In compiling my last post of 2016 Eurovision entries, modern songs category, I finished and realized several songs that fell through the cracks. And then I realized that every year brings a new batch of small, unobtrusive entries that tend to be forgotten. But most years some of these songs are the ones that go on to surprise fans and sneak through into the finals, and often achieve high scores. Last year Cyprus and Hungary were not on anyone’s radar to succeed, but both made it to the Grand Final.
This year there is a batch of little songs, some of which are likely to break through anedd do well in the voting. Most of these are performed my solo female vocalists, with a few male-artist songs as well.
Poli Genova of Bulgaria entered Eurovision for her home country before and failed to make the finals, though fans remember her and her previous entry fondly. This year’s Bulgarian entry by Poli is a strong, catchy little song that most of us hope will succeed for her this year, “If Love Was a Crime”.
Croatia has entered ESC2016 with an entry that was hotly tipped for top ten at least, though some of the enthusiasm has already cooled down. Here is Nina and “Lighthouse”, which should be popular enough to at least make it through to the finals.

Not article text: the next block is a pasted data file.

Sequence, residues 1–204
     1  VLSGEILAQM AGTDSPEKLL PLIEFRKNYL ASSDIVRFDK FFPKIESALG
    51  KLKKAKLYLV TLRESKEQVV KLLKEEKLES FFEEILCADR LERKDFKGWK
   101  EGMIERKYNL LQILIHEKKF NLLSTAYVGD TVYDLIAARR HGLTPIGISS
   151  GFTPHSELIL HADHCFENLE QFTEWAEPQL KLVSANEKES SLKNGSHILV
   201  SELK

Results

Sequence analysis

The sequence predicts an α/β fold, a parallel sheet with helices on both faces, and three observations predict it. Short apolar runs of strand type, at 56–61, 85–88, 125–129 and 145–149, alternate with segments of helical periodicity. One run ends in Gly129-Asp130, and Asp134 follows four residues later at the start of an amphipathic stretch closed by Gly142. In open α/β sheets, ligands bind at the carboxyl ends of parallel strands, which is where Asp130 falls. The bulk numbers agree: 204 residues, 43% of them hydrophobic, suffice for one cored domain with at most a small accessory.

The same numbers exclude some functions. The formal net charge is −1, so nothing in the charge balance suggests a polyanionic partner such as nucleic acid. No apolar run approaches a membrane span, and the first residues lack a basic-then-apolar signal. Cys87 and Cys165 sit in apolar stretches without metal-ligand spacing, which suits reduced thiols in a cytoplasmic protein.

Germany has a recent history of doing very well or very badly in the Grand Finals (as a member of the Big Five, they proceed directly without competing in any semis). This year, Jamie-Lynn and “Ghost” is a fine little singer-songwriter entry that is held back by a rather silly look for its artist, a 17-year old who loves performing in a kooky Japanese street-fashion getup.
Israel has not had many entries succeed past the semifinal stage in r local recent years until last year’s party hit “Golden Boy”. This year they have gone for an androgynous boy with a well-performed but rather anonymous ballad, Hovi Star and “Made of Stars”.
Italy has done well since its return to Eurovision in 2011, mustering up a second and a third-place finish. This year’s entry is lovely and small, and may not be enough to catch voters’ attention when it counts Saturday night. Here is the pretty bi-lingual “No Degree of Separation”.
Poland returned to ESC two years ago and made the finals both years since then. This year they have a fine singer and pretty ballad, but will it be enough to keep up their string of qualifications? Here’s Michal Szpak and “Color of Your Life”.
Switzerland have not had an easy time reaching the finals lately, and don’t seem likely to this year with their Canadian singer Rykka. “The Last of Our Kind” is a pleasant song, but with neither a strong singer or big impact they might get lost in the shuffle this year.
The United Kingdom has bombed out in the finals for several years after choosing their entry internally, so this year they added a selection show and public vote. Joe and Jake are not likely to get anywhere near the top five this year, but their results shouldn’t be the embarrassing bottom that the UK has reached in the last five years or so.
Are we likely to see a winner from this group? Not likely, though at least one or two dark horse surprises are likely to emerge Eurovision week in Stockholm.